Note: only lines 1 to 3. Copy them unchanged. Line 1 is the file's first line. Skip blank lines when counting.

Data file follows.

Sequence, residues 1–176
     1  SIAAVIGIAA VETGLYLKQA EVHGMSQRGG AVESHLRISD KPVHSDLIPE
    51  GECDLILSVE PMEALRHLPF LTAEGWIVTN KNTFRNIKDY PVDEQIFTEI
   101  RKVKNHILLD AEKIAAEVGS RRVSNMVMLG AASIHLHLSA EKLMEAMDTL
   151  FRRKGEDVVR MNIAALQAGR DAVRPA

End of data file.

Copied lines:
Sequence, residues 1–176
     1  SIAAVIGIAA VETGLYLKQA EVHGMSQRGG AVESHLRISD KPVHSDLIPE
    51  GECDLILSVE PMEALRHLPF LTAEGWIVTN KNTFRNIKDY PVDEQIFTEI